The Marketplace Fairness Act is not about fairness. It is about revenue and regulatory capture by Internet giants.
It is said that Internet retailers have an advantage in that they don’t have to collect sales tax.
That may be an advantage, but it doesn’t necessarily offset the disadvantages of having to ship the product, and the inability of the buyer to inspect the merchandise before they buy.
Also, returning goods is a lot more difficult when they have to be repackaged and sent back. These facts level the playing field between storefront and Internet merchants.
If there is truly an advantage in Internet retailing, then storefront retailers can supplement their business with an Internet presence. Many do and they are likely to be adversely affected by this legislation.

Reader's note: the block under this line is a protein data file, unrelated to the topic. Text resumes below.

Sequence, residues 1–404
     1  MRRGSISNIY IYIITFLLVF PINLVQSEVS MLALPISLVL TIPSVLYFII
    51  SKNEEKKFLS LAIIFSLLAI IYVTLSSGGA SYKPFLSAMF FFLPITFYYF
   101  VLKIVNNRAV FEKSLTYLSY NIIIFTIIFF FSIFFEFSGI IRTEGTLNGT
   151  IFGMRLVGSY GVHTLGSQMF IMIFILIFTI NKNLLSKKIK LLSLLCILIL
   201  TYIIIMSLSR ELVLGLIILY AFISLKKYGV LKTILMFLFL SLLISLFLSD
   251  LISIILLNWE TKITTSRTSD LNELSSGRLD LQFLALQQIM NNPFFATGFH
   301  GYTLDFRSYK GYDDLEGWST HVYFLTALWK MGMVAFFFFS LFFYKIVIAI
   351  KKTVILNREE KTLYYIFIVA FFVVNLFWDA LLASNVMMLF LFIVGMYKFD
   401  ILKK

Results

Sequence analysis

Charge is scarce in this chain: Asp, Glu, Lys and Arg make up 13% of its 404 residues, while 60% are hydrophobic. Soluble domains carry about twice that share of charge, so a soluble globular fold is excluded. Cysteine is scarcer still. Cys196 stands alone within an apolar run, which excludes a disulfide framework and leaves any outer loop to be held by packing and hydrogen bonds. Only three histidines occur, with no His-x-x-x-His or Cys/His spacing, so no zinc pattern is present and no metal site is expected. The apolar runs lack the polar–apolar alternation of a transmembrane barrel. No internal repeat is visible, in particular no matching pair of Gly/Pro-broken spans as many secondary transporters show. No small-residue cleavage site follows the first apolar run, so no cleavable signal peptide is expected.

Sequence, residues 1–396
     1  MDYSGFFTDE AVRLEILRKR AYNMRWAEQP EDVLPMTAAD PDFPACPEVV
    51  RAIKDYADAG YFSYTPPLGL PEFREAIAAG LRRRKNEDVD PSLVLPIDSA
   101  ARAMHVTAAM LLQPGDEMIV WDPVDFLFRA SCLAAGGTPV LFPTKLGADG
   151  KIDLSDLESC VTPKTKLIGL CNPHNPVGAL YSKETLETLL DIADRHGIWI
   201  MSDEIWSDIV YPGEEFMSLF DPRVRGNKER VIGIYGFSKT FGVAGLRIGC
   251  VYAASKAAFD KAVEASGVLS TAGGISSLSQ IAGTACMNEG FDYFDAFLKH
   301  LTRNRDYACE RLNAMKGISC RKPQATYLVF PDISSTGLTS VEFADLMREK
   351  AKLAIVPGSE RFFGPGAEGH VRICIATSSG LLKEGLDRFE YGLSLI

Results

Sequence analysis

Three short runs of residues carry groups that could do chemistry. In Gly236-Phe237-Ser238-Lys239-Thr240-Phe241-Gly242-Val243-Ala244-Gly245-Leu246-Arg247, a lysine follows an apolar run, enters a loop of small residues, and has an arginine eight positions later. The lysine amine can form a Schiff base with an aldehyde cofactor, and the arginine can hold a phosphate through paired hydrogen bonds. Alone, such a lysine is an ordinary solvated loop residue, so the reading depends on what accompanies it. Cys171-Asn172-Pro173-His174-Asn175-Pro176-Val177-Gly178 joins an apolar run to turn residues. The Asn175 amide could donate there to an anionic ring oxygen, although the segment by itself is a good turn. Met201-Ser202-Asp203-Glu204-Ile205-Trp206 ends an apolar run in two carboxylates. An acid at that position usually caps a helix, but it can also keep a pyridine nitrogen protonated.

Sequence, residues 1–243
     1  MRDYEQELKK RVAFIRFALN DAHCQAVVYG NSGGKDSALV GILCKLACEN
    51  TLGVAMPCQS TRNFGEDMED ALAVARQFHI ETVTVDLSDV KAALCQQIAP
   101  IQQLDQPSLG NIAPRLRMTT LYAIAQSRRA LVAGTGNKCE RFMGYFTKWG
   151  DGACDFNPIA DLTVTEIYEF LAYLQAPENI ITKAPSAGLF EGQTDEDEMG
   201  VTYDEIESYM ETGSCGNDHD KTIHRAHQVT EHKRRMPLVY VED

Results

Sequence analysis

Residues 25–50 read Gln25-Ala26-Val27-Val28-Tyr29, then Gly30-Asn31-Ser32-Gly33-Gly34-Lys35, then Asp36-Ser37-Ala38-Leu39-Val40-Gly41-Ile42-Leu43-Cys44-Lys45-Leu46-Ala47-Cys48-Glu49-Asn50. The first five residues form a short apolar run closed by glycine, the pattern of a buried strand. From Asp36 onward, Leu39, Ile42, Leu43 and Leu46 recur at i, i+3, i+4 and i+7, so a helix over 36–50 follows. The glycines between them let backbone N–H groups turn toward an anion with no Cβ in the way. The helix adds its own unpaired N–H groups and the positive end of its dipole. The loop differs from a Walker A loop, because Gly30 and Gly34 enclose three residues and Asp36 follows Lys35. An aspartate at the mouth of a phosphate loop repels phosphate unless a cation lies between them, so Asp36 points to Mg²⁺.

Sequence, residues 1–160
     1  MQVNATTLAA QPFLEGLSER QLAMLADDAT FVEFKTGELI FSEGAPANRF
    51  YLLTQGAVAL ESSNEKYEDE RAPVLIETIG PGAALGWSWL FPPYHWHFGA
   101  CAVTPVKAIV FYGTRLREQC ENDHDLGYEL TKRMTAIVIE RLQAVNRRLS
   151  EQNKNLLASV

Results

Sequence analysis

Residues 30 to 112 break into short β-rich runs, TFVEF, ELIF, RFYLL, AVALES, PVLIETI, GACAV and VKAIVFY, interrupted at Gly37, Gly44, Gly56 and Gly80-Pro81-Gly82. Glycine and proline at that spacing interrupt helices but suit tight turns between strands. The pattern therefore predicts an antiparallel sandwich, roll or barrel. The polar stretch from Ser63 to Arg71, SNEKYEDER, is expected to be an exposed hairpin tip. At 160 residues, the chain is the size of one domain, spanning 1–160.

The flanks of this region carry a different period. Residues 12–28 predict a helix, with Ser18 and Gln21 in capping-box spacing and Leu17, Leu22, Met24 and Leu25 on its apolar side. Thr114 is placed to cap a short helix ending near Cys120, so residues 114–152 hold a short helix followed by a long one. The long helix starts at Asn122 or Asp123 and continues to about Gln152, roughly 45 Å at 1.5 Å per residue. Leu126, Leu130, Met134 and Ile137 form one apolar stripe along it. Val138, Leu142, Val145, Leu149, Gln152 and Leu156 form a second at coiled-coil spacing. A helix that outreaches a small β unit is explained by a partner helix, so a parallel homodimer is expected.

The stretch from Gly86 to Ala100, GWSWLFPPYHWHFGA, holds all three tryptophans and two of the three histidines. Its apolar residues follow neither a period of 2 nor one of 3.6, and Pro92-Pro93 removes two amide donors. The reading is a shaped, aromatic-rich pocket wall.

What this act is going to do is wipe out a lot of variety of goods available to us and most likely a whole class of businesses. The Internet made it possible to produce and market items that would not be viable if
there were only sold through stores.
Budding entrepreneurs may now hesitate to pursue their ideas because of the additional hurdle imposed by the burden imposed by this act.
Some local Internet businesses may decide that these regulations are too much and quit.
The fact that there is a waiver for business with revenues under a million dollars is a tacit admission of how difficult complying with these regulations is going to be.
The giants like Amazon know this. Ask yourself why a company like Amazon would wish to complicate their business unless they knew it would take out a lot of competition.